The “Holiday Light Spectacular,” which is presented by the Rothman Institute at Jefferson, will be a 10-minute show starting at 7 p.m., as all fans will be given light-up bracelets to complement a fun Flyers holiday video featured on the ice.

“This show is a new, can’t-miss holiday attraction in Philadelphia and one that we hope becomes an annual tradition for us,” Shawn Tilger, the Flyers’ executive vice president, chief operating officer, alternate governor, said in a release by the team. “This show is in line with the holiday staples of the region, and we’re excited to bring entertainment of this caliber to Flyers fans here on Saturday night.”

For fans with youngsters, Santa Claus will also be in attendance, taking free photos on the main concourse.

Flyers grind for ugly win over Sabres to push streak to 5

Flyers grind for ugly win over Sabres to push streak to 5

BOX SCORE

It was a Flyers’ win with a capital “U.” 

That’s “U” as in ugly.

However, it was still good enough to beat the worst team in the Eastern Conference, the Buffalo Sabres, as the Flyers skated away with a 2-1 victory at the Wells Fargo Center Thursday night (see observations).

It’s the type of game the Flyers lost earlier in the season during their previous homestead when they came out sloppy against the lowly Arizona Coyotes in an eventual 4-3 loss in overtime.  

“I thought this was a boring game,” Jakub Voracek said. “Honestly, I don’t think we played good today, but we got the win, which is really important. You’re not going to play great every night. We played well when we needed to, but we can play a lot better, which is positive.”

Nothing was uglier than the game’s first goal when Brian Elliott attempted to play the puck behind his net. Buffalo’s Zemgus Girgensons intercepted Elliott’s pass and fed the puck to Ryan O’Reilly, who had a wide-open, unattended net in front of him.

“They came hard and a little miscommunication,” Elliott said. “Bad play on my part and we did a heck of a job of coming back and tying that up. That can go sideways in a hurry. We sorted it out, but our first period was kind of sloppy.”

After Elliott nearly made the same mistake again in the opening period, the Flyers rebounded to the tie game at 1-1 as Travis Sanheim scored his first NHL goal off a feed from Dale Weise (see highlights). However, even Sanheim admitted, the goal was a silver lining from a dark cloud that was looming over him defensively with failed clears and breakdowns in coverage.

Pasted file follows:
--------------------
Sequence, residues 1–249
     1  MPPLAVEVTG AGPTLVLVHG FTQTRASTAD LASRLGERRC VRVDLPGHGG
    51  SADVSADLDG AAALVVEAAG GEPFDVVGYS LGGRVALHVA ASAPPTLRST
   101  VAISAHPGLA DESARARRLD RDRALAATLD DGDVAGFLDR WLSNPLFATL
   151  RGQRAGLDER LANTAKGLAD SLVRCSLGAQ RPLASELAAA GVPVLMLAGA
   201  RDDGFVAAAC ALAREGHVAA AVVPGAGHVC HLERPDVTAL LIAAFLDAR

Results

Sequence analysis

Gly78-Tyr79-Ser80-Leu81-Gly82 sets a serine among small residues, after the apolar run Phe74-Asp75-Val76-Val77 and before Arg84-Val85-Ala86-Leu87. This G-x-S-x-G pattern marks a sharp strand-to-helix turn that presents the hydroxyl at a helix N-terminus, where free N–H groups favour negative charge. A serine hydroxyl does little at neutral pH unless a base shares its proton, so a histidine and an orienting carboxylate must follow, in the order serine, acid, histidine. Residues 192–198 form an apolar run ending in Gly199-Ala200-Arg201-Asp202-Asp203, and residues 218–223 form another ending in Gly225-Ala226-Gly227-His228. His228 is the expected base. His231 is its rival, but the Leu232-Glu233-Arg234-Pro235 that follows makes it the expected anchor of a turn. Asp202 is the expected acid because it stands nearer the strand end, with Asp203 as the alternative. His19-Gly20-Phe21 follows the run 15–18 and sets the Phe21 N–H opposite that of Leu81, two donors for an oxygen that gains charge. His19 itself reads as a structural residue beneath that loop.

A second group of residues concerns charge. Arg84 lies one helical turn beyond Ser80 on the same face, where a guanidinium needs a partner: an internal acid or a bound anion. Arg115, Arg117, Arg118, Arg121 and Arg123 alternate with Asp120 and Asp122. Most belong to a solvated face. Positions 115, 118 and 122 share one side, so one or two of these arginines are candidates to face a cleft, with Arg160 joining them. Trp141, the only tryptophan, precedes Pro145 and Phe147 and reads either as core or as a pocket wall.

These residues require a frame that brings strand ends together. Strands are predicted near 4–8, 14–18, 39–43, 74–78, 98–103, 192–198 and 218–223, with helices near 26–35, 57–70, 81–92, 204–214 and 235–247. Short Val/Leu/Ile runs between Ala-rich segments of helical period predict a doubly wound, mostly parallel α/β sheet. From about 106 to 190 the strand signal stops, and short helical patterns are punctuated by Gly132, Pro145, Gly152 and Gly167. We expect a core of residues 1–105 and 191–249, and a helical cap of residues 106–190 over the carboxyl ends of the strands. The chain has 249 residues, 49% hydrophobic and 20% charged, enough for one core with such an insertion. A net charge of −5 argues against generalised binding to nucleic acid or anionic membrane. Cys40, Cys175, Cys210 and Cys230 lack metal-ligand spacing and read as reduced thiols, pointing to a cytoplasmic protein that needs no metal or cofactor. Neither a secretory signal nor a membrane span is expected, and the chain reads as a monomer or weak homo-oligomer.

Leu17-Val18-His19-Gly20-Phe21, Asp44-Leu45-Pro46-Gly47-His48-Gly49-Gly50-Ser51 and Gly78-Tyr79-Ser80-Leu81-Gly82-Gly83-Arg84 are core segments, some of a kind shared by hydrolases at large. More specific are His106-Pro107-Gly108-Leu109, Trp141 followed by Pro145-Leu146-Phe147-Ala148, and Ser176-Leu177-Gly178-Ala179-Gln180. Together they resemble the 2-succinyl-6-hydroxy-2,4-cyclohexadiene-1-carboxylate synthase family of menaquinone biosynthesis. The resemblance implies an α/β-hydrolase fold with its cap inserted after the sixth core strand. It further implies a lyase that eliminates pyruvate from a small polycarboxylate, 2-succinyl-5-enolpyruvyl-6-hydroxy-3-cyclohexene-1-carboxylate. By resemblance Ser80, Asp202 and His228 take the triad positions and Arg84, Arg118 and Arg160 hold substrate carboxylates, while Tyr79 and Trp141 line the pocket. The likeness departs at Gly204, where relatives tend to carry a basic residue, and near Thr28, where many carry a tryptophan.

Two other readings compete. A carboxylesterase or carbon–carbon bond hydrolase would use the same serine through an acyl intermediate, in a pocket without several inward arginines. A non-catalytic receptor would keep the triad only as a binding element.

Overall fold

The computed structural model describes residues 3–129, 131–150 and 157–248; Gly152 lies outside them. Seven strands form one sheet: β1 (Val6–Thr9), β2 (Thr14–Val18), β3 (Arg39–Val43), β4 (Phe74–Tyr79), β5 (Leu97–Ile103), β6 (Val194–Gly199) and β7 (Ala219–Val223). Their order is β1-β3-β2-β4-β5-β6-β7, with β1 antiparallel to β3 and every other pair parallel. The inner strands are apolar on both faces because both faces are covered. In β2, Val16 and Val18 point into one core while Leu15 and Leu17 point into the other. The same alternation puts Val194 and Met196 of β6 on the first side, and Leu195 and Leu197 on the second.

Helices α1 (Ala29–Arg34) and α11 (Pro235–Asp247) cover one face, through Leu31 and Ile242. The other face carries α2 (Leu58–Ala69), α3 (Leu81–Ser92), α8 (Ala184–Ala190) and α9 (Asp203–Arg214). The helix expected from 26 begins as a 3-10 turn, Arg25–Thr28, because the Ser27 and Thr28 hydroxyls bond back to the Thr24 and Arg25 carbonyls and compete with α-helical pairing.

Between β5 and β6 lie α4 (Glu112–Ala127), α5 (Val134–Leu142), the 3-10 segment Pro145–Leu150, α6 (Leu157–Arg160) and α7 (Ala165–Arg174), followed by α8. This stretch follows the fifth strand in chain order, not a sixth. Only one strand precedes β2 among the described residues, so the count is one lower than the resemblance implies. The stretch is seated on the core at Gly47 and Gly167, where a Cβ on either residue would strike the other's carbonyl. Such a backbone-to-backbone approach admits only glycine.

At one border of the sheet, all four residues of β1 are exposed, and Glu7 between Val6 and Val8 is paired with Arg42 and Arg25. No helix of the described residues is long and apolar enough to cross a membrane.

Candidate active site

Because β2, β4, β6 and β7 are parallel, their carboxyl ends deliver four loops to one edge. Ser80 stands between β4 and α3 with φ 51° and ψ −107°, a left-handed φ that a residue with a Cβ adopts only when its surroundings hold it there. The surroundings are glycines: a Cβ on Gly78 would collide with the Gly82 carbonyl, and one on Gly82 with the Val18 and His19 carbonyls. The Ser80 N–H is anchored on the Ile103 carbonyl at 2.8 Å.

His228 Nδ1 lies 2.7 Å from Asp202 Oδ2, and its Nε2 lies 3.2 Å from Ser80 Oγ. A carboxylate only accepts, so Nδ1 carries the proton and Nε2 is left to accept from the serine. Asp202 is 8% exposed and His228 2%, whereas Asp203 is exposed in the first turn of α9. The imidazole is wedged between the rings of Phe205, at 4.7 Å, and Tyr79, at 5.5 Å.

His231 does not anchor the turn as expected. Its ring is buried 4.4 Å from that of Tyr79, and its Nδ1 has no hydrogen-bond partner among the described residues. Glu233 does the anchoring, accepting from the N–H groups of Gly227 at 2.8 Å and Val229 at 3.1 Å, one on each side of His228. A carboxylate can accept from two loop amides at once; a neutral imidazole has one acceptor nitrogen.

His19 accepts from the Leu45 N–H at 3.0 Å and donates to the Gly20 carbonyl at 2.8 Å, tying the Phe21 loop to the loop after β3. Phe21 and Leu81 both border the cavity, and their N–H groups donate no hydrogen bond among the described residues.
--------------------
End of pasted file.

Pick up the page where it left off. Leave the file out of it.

“I don’t think we were very happy with our first period, especially me,” Sanheim said. “Minus the goal, I thought that might have been my worst period of the season, but I think we bounced back and battled hard in the final 40 and came through with the win.”

“He’s been pressing for a little while, so I was so happy to see him get a smile on his face,” Weise said of Sanheim’s goal. “That’s going to do wonders for his game. You see a shift after he gets another chance there. I’m so happy for him.”

Sanheim’s season in some ways has mirrored that of the Flyers’ schedule — a yo-yo performance with bouts of inconsistency. Coming off a 10-game winless stretch, the Flyers have now won five straight. Throughout both streaks, head coach Dave Hakstol has stuck with Sanheim when some coaches may have wavered. 

“There’s always lessons along the way, especially for a young defenseman,” Hakstol said. “He’s had some bumps in the road that every defenseman is going to go through. Tonight’s maybe a little indicative of that. Travis is always honest with himself and the evaluation of his own play, and for me, that always helps keep his feet on the ground and move on to the next challenge.”

“I want to make hard plays and I’ve got to make sure the puck gets over our blue line,” Sanheim said. “It’s easier to sit back and say I could have done this, I could have done that. Going forward, I’ve just got to try and limit those mistakes and try and play a harder game.” 

The Flyers eventually produced the breakthrough goal late in the second period on a tic-tac-toe play started by Michael Raffl, who fed a pass to Voracek and then onto Valtteri Filppula for the one-time goal.

“Those are the best wins,” said Raffl, who played in his 300th career game. “You’re pretty happy when you win 4-1 and you play your best game. It’s easy to laugh, but that was a war out there and the last period, especially, but we came together as a group.”

Of the 14 one-goal games the Flyers have played this season, this was just the third time they earned a victory. Many of those games when they failed to earn a winning decision came after regulation.

“It’s all about confidence,” Voracek said. “Two or three weeks ago when we went into the third period, we would lose that game. Now it’s about making sure those loose pucks get out of the zone and don’t make any dumb decisions.”

“I think it’s huge. When we were in that streak, we blew a lot of leads late in games,” Weise said. “Minus the last two minutes where I think we sat back a little, I thought we did a good job of moving the puck forward, forechecking and not sitting back too much. It’s more of a mental thing to win those type of games.”